NFL Draft Scouting Report: Sidney Jones

Washington
Cornerback #26
Junior 6’0″ 181 pounds

Strengths:

  • Displays the fluidity to quickly turn-and-run in man and bail
  • Has a good feel for routes and will adjust accordingly
  • Aggressive with his hands create a feisty player who will challenge receivers off the line and blockers in the run game
  • Tremendous ball skills with the hand-eye coordination to play the ball in the air
  • Plus closing burst
  • Loose mover with equal hips to shadow receivers throughout the entirety of the route
  • Knows how to properly use his frame to pin receivers to the sideline
  • Eye-discipline to see both the quarterback and route developing in zone
  • Seamless combination of footwork and hips to mirror at the top of the route
  • Instinctual player with the reactive awareness to immediately come downhill and challenge screens
  • Can flip his hips and get to top speed quickly
  • Foot quickness to maintain feel for his man in short areas
  • Requites height and length to challenge receivers on an island
  • 39 career starts

Weaknesses:

  • Occasionally commits to the stem too quickly, allowing a free release
  • Will fly into tackle attempts and struggle to break down and wrap up as a result
  • Can get broken off by quicker/twitchier players and struggles to recover in tight areas
  • Has been late to punch in press in what grants receivers a free release
  • Multiple occurrences of him getting locked and struggling to disengage along the perimeter; has also been too willing to pass up opportunities in the run game
  • Bigger, stronger receivers have shown the ability to win with physicality

Washington’s secondary lived up to the well-warranted hype that met them at the beginning of the 2016 season, and Jones was quietly one of college football’s true shutdown corners. Opposing passers were not shy about their desire to avoid throwing Jones’ direction-through the first half of the season, quarterbacks had targeted him only nine times as Jones allowed four receptions for 20 yards. Jones concluded his ’16 campaign with three interceptions and six pass breakups en route to first-team All-Pac-12 selection.

Jones will more than likely find himself in the top five of my corner rankings, and it wouldn’t surprise me to see him end up a first round pick. His height and length, coupled with his cover skills, create a true cover corner that the NFL so desirably covets. The ability to stick to and shadow guys down the field grant Jones the opportunities to challenge the ball when it does come his way, showing the confidence and instincts to locate, leap and effortlessly play the ball in; what’s not lost in his film is Jones’ ability to leap with timing and excellent body control. Athleticism is a requisite trait for corners and is one Jones exudes with the use of his feet and hips often working in tandem to thrive off the line and in tight quarters, while the aforementioned ability to flip his hips and get to top speed in a hurry prevent receivers from getting on top and creating separation. With 39 career starts, Jones has the noted experience and allowed a mere 42.2 passer rating this past season.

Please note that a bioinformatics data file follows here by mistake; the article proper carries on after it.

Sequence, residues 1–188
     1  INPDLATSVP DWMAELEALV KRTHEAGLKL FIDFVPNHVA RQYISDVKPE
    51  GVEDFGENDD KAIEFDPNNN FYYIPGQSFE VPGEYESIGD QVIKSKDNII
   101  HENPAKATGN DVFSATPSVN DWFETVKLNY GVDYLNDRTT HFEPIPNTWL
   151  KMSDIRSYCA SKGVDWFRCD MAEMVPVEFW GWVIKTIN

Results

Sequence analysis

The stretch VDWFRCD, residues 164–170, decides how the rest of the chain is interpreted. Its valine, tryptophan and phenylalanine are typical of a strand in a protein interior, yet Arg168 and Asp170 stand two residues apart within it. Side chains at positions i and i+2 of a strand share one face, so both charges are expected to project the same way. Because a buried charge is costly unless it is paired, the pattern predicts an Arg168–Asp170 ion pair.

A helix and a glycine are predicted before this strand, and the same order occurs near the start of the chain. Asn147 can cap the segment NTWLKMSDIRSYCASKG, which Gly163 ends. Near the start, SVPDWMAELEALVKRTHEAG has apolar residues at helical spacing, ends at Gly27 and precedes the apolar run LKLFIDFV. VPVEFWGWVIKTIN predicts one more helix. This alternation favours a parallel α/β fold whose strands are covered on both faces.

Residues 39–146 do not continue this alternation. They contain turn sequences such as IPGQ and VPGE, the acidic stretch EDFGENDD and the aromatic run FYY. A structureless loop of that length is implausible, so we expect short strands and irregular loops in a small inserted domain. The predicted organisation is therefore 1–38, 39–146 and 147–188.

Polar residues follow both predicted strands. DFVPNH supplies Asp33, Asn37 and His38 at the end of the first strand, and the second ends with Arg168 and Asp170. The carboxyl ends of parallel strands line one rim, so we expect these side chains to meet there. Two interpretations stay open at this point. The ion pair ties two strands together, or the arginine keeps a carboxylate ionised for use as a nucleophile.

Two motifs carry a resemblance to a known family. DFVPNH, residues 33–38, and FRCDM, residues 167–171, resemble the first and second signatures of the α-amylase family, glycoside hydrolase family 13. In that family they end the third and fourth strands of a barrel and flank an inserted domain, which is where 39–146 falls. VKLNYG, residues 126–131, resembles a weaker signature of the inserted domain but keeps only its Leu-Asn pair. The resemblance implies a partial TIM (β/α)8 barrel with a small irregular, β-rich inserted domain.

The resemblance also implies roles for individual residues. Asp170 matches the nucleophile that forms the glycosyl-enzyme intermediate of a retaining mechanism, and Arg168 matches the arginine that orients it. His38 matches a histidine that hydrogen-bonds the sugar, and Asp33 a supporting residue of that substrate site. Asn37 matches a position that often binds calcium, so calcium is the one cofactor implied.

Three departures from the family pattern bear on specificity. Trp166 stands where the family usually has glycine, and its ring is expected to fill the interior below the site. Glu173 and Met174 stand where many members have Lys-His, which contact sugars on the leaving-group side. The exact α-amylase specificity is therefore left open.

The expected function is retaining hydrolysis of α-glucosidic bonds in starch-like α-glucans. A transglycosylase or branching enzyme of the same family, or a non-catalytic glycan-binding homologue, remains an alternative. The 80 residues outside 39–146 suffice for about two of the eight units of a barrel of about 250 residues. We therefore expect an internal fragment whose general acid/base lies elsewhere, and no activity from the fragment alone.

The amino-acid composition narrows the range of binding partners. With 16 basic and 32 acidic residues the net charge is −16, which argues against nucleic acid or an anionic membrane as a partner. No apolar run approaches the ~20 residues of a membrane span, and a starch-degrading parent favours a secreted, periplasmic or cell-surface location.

There are an abundance of strengths in Jones’ game, yet some rather maddening aspects to what he does at the line. While normally patient to let receivers declare their release, he has shown the tendency to open his hips and tilt, thus committing to the receiver’s stem too quickly. Similarly, being patient blends into Jones opting to land his punch in press once the receiver is out of reach; with length like his, Jones needs to learn to use it more effectively when crowding the line. With a wiry frame that lacks the necessary play strength, the physicality of receivers at the next level will provide Jones with a heavy challenge that JuJu Smith-Schuster exposed in USC’s matchup with Washington this past season.

Pro comp: Desmond Trufant

The two are equally-sized corners with nice length, and I wouldn’t be shocked to see Jones rival Trufant’s 4.38 40 come Combine time. Jones shares the foot quickness, ability to mirror and shadow routes along the perimeter and the skills to compete for the ball in the air that mirror what Trufant did; both also struggled with overall play strength and physicality to consistently win against physical receivers and finished their collegiate career with unrefined technique in press.

Draft projection: Late 1st-early 2nd

With a crop of talented corners in this draft, it’s tough to gauge Jones’ true projection. Without question he is one of the group’s top talents with that ever-so desirable height, length, athleticism, quickness and ball skills to create a prospect that has every opportunity to develop into a true cover corner. Having started 12 games as a true freshman before developing into a fine corner prospect, Jones has plug-and-play potential and with his length and quickness to handle two way go’s and potentially slide into the slot at some point.

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